The Dark Pictures Anthology: House of Ashes is far and away the best Dark Pictures game so far. It blends intriguing characters, compelling drama, and a killer twist to offer up what can only be described as the most honed experience Supermassive has put out in this series so far. It's got a few minor issues here and there – namely relating to the diversity of its cast and how much each of them plays into the overall story – but it's a horror experience that no fan should miss even if they weren't fans of Man of Medan or Little Hope.
Make no mistakes; Far Cry 6 is, without a doubt, the best Far Cry game in a long time. The game brings back the exotic locations we've been missing since Far Cry 3 and Far Cry 4 and adds yet another charismatic antagonist to its storied pantheon of villains. But more importantly, it's a joy to play, with a unique arsenal full of character and breadth of content that is not only comprehensive but engaging.
Death Stranding: Director's Cut is easily the best way to play the game. The additions are numerous and bound to help players make their journey across America much more palatable. If you're someone who gave up on Death Stranding because you found it to be too frustrating or long-winded, the Director's Cut additions could be enough to lure you back. If you're someone who's played the game to death already, there's probably not a whole lot of reason to come back given how little extra content there is.
Life Is Strange: True Colors brings together likeable characters, a novel power, and a beautiful setting to tell a story that'll have you engaged from beginning to end. It's a little bit predictable but everything else – the writing, the locale, and just the general vibe – cement it as one of the strongest entries in the series.
No More Heroes III is the best No More Heroes experience this far. A streamlined structure, some fantastic writing and direction from Goichi Suda and some of the tightest combat the series has ever seen makes No More Heroes III the best in the series. There's some technical issues that we've come to see from the Switch, especially in the open world, but these are otherwise minor blemishes on a remarkable artistic achievement.
Psychonauts 2 brings together classic platforming, an engaging story and well realised combat in a package that feels reminiscent of the best platformers of decades past. Even better, it does this with a visual flair that's unmatched by its contemporaries. It might be more of the same, but given how unique it is, that's hardly a bad thing.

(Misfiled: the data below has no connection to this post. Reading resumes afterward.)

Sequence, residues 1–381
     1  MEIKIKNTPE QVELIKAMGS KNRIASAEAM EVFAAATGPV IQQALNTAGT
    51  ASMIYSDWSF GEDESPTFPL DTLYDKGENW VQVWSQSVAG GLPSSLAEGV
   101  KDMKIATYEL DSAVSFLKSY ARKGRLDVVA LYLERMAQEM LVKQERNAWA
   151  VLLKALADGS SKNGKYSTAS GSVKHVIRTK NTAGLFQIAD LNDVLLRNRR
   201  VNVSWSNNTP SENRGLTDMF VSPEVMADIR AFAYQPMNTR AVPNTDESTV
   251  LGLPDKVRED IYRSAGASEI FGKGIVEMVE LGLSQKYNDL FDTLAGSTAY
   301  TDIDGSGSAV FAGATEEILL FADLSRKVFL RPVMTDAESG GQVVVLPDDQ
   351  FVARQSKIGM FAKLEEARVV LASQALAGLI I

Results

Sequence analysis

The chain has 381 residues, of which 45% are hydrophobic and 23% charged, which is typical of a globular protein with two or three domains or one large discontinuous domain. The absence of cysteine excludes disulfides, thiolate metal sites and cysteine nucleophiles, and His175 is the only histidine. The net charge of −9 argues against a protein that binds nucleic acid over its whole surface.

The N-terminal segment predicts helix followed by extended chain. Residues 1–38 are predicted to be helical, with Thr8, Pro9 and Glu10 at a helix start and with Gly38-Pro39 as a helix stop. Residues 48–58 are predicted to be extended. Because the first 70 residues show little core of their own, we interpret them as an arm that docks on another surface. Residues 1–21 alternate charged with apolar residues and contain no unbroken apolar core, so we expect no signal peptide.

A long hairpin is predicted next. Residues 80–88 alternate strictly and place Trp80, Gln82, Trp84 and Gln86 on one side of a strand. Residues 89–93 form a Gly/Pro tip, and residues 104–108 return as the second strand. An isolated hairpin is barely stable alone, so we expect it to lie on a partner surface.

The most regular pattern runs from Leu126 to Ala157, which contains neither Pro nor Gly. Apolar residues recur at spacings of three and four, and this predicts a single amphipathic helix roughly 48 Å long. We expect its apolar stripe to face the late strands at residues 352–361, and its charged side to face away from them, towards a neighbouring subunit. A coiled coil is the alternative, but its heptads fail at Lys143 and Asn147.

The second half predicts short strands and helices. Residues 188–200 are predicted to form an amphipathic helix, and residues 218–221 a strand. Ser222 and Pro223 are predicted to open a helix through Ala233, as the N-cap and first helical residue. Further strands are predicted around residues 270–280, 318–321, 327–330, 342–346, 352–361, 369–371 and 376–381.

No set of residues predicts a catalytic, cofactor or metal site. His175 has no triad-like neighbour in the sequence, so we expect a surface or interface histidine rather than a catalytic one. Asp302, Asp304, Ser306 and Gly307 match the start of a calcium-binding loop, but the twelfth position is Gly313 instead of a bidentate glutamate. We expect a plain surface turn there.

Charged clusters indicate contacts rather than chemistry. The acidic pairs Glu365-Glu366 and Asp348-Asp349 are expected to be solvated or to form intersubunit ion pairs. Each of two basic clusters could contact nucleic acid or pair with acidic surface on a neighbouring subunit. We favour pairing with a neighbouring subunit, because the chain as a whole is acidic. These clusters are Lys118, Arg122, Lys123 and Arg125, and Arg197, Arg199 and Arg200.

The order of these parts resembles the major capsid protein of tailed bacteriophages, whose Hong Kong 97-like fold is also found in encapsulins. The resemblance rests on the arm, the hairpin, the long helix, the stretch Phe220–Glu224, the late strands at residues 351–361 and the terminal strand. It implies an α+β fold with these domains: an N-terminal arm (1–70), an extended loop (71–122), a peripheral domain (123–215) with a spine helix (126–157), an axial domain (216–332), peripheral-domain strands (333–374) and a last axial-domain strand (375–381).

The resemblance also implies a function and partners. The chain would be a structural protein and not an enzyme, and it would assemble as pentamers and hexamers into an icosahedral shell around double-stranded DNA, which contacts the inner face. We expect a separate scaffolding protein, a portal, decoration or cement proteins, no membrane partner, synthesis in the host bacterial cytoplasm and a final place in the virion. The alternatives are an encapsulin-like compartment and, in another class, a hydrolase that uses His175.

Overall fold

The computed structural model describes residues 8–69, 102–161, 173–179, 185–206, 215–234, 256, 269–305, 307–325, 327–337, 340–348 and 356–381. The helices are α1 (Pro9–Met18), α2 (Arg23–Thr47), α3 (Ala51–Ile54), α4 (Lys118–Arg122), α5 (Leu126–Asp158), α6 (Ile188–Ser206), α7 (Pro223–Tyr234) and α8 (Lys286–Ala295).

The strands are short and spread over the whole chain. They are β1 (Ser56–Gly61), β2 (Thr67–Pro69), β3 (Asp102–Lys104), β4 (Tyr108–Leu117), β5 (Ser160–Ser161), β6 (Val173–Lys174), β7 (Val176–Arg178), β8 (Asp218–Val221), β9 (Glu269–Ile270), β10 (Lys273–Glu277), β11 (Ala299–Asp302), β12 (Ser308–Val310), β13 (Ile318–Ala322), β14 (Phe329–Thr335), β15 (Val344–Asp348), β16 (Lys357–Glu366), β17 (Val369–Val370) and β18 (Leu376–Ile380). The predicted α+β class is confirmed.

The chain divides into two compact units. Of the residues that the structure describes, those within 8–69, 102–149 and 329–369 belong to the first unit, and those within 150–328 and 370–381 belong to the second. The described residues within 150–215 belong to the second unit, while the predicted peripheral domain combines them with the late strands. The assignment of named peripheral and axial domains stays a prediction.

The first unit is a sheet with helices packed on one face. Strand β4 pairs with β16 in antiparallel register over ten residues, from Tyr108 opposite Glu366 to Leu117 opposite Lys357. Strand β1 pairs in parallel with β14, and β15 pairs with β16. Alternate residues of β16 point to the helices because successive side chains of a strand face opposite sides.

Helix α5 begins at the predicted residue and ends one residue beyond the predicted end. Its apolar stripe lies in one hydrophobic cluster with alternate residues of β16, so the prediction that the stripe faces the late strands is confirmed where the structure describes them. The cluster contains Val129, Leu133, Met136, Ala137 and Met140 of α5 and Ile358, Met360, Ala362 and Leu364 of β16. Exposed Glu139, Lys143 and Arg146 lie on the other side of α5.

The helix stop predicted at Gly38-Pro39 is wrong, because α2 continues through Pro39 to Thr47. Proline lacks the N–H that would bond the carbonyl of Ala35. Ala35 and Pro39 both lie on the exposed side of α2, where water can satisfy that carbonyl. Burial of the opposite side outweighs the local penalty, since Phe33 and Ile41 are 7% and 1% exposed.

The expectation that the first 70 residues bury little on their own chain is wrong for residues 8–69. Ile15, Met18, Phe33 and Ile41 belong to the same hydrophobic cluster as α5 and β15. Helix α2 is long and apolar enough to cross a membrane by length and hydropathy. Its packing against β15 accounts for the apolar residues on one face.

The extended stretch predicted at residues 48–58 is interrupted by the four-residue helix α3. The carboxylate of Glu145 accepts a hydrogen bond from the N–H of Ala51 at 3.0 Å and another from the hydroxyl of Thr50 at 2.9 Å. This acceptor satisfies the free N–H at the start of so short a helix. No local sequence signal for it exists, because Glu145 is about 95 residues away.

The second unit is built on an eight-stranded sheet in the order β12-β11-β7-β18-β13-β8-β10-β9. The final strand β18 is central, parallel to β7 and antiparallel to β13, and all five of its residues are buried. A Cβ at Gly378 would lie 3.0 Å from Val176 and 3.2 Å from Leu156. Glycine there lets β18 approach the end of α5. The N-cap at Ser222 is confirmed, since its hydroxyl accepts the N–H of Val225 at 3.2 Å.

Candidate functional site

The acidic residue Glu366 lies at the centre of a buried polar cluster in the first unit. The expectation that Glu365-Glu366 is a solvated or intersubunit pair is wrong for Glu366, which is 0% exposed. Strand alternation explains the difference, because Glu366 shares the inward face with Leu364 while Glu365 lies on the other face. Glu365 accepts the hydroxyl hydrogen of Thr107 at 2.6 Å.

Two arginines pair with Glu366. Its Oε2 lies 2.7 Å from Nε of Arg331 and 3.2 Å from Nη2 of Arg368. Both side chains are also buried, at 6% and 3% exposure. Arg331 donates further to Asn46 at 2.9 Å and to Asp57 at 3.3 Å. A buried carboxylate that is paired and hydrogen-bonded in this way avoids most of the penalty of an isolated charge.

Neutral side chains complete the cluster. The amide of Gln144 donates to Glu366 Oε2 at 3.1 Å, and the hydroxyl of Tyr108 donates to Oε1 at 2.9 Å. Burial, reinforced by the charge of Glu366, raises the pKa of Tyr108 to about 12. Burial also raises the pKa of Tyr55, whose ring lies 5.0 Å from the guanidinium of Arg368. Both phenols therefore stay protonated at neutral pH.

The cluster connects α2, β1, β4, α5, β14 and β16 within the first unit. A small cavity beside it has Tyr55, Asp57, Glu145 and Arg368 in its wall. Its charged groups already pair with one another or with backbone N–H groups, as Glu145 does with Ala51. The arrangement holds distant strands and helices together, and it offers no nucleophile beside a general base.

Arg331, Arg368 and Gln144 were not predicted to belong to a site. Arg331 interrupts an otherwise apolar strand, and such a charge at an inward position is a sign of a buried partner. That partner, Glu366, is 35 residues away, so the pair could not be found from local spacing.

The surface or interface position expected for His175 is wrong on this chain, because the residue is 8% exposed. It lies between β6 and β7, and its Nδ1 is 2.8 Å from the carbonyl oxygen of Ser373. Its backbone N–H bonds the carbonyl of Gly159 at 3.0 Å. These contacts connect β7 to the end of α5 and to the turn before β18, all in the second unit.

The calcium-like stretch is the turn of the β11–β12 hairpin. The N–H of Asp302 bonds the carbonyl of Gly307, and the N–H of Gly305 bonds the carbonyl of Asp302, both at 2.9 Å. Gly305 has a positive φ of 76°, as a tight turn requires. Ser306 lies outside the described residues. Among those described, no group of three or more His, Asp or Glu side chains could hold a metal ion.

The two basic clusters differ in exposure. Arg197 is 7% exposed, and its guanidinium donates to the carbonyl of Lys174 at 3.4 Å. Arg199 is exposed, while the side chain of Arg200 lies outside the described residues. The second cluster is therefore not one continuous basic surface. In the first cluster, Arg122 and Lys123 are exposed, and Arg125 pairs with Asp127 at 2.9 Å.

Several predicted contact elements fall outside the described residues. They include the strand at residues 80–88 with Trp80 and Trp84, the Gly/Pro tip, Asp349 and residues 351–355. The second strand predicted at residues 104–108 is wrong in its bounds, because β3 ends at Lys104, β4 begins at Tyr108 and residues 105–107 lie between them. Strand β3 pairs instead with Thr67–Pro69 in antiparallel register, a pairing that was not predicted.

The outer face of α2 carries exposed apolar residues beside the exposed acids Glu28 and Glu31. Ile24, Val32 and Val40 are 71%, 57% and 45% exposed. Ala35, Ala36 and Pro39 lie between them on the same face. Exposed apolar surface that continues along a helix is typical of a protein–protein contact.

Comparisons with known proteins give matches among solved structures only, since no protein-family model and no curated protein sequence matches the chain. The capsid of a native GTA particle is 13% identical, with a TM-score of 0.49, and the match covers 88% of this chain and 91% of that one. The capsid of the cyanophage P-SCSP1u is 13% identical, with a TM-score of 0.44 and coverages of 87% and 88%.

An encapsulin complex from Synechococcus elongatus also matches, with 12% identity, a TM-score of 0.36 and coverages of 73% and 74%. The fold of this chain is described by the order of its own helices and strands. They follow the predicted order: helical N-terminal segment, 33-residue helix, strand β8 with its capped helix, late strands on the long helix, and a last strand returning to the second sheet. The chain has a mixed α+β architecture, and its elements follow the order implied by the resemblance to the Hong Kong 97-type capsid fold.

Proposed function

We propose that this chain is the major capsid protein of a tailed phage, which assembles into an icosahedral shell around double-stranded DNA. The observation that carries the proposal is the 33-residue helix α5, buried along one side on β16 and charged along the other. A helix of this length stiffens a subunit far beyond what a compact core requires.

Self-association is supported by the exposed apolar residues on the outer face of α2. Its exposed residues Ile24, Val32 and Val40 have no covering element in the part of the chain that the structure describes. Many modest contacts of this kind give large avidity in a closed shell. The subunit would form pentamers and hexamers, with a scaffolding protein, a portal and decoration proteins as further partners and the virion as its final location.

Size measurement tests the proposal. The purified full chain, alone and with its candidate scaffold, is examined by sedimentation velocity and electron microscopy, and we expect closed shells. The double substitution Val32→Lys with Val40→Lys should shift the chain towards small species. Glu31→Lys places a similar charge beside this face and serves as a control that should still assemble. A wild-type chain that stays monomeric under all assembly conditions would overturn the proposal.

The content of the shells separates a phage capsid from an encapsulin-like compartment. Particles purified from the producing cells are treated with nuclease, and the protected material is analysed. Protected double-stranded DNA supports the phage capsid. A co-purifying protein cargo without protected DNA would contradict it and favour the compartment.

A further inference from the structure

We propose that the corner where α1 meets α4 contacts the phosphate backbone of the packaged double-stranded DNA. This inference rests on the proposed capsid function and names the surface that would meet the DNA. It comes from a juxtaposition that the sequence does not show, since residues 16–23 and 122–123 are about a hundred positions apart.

The Great Ace Attorney Chronicles brings together two volumes of one magnificent story that no Ace Attorney fan should miss. The characters are fantastically kooky, the plot is as compelling as ever, and the writing is the series at its funniest. While there are some minor pacing issues with some of the cases, it's a fantastic package for fans both new and old.
The Legend of Zelda: Skyward Sword HD makes great efforts to improve the original to make it the definitive way to play the series' origin story. Whilst the game's initially poor pacing has improved, the game can still be slightly tedious and repetitive. Putting that aside, the dungeon design, item ingenuity, and some of the boss battles are series highlights that no Zelda fan should miss.
While Bloodline doesn't reinvent the wheel or take any substantive risks, it does a great job at bringing together the new world of Legion with old world of Watch Dogs and Watch Dogs 2 to offer a short but focused Watch Dogs experience.
Biomutant is a vibrant and beautiful looking game that unsuccessfully attempts to leverage so many different aspects of open-world games from the last decade. It buckles under the weight of its own ambition and is sorely lacking the focus needed to offer a stand-out open-world experience and carve out its own identity.